Other things not worriedaboutabout till they happened, and then we learned:

  • Rounding up suddenly in big gusts and momentarily losing steerageway. Quickly depower the mainsail by easing it. (What else?)
  • Autopilot was inadvertently activated (non-TWSC boat) and we couldn’t turn the helm to the left to avoid a close lee shore – gulp. Thankfully we could turn the wheel to the right (towards the shore at first, hi onlookers!) and continue turning 270 degrees to get out of there.
  • Boat spung a leak (hose on seacock was loosened) during a class. Instructor Bruce fixed it with a softwood plug; for a hammer he used the lead weight from our plumb line. Woohoo, real-life emergency training!
  • Which slip did we leave from again? It was next to that boat with a green sailcover – oh it’s gone now – OK then it’s the 9th slip so 1-2-3-4-5-6-7-8-9-this one right here and turn just in time!

Before a sail. Everyone does things differently.  I learn from others and create my own preferences and habits, hopefully good ones and flexible for improvement.  Some of what I’ve learned and choose to do:

Systematic orientation before first sailing an individual boat. Being a fleet member allows me to sail different types of boats (yay!). On morning I sailed Knot Free for the first time after sailing just Capris, and ended up bothering the TWSC staff by phone, as I hadn’t fully oriented myself to the boat and couldn’t find something. Now, I record each boat’s particulars at the outset. Beyond the useful info imparted at “checkout”, I take photos/videos, including of the boat details in the binder. I come early the day of the first sail. When you sail different fleet boats, you may forget which is which, and the pics will help you re-orient yourself beforehand each time, at least the first few times. I take a blank checkout sheet and make notes on it (where is coolant checked? where’s the oil dipstick?) Note the boat’s quirks that the checkout covers, as well as those you notice.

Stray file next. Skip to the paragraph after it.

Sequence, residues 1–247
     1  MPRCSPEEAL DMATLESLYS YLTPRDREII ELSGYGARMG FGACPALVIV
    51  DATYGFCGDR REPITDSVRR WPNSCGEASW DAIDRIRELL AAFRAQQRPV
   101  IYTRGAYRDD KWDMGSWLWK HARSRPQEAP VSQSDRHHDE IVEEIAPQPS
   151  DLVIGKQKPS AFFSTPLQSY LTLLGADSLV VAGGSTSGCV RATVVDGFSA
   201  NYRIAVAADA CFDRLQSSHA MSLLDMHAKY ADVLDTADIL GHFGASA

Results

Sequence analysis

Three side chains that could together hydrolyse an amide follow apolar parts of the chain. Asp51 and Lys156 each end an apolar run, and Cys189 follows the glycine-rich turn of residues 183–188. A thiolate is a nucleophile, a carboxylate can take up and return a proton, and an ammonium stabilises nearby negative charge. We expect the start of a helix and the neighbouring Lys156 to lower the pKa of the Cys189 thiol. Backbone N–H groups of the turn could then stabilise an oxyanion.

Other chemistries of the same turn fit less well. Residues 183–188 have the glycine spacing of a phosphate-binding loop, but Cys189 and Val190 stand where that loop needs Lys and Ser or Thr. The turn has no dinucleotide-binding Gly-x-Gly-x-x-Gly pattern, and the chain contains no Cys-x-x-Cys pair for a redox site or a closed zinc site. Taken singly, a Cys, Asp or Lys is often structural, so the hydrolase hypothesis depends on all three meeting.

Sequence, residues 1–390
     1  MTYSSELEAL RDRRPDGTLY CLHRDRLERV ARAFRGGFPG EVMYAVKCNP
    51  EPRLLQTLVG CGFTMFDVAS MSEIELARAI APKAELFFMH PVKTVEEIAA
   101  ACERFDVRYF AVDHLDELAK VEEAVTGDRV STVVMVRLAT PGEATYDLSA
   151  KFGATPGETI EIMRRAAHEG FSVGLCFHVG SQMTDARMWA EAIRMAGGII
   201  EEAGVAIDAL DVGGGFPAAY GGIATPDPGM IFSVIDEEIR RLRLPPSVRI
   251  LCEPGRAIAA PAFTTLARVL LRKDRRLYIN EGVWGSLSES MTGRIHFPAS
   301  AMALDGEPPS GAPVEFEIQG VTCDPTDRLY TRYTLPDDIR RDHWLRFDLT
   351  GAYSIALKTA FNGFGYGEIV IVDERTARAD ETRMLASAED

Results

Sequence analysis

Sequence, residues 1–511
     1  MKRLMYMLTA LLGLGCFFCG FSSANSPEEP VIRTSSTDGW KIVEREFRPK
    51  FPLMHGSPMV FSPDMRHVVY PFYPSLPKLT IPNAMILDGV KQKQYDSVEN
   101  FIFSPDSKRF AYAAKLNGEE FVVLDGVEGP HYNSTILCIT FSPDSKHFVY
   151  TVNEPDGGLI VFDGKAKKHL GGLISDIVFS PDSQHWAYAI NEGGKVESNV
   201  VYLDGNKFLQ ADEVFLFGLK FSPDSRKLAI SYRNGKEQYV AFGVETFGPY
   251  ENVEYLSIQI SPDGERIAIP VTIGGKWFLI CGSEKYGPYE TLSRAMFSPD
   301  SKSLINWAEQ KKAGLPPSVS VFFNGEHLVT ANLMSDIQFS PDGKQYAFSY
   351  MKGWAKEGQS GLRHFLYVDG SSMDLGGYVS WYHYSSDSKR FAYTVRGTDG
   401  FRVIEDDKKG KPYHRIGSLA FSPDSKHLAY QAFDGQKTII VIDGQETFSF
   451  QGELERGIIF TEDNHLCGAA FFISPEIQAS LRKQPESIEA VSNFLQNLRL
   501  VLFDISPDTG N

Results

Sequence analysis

Things that matter to me, some of which are not on the checkout sheet, are:

– Winches may be one- or two-speed. Test them out. A boat can have a mix of one- and two-speed winches. Make a note to tell your crew, it may save them some arm effort.

– What side of the boat is the waste/holding tank on, and the water tank fill? May affect how I dock at pump out.

– Engine covers that are hard to remove. Oil dipsticks that are hard to access.

– Where does the exhaust cooling water come out? It could be midships.

– Sail ties, sail cradle, lazy jacks? Affects crew orientation for hoisting and dousing the mainsail.

– Does the depth gauge work, and where is the sensor located, i.e. is it showing depth below the the keel, or below the hull? Do other instruments work?

– The VHF is where? If in the cabin, definitely bring my handheld VHF and keep it on the cockpit.

– Take note of which of the spare dock lines to use for pump out. Their lengths vary; 20’ may be too short for inexperienced crew to use well.

– Was the boat left less than clean? I do aim to leave the boat as clean or cleaner than I found it. (Sometimes, I have forgotten to do something and then I’ll call and leave a message about it, eeks.) Give TLC to our fleet boats!

The morning of every sail, things I find myself thinking and doing are:

  • I consider how the expected current, tide, and wind conditions may affect my trip. Strong currents that occur with the big tides around full and new moons may have an outsize effect, especially on smaller boats.  An outgoing tide combined with prevailing W or SW winds may mean choppy conditions heading out or heading home. My route can be adjusted for this, or not.
  • I check www.marinetraffic.com for any big ships scheduled to pass near my planned route on their way to/from Richmond (RCH), VLJ (Vallejo), BNC (Benicia), and ALA (Alameda). Do this by typing in a port’s abbreviation in the search field, then under the port info, click on Expected Arrivals. Ship photos are often available too. Sailing through the Potrero channel or reach when a 1,000-plus-car carrier is coming through is a bit too exciting for me.